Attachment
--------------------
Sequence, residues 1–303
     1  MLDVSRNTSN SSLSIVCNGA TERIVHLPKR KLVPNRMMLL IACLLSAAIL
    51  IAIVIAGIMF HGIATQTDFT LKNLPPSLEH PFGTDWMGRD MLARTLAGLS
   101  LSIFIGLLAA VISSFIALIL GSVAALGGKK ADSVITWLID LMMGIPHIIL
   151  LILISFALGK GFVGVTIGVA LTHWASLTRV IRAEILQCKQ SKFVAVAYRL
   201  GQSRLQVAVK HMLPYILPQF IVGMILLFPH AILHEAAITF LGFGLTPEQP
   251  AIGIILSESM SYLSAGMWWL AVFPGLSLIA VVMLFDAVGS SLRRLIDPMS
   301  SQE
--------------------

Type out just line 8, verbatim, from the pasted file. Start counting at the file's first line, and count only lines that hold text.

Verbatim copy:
   301  SQE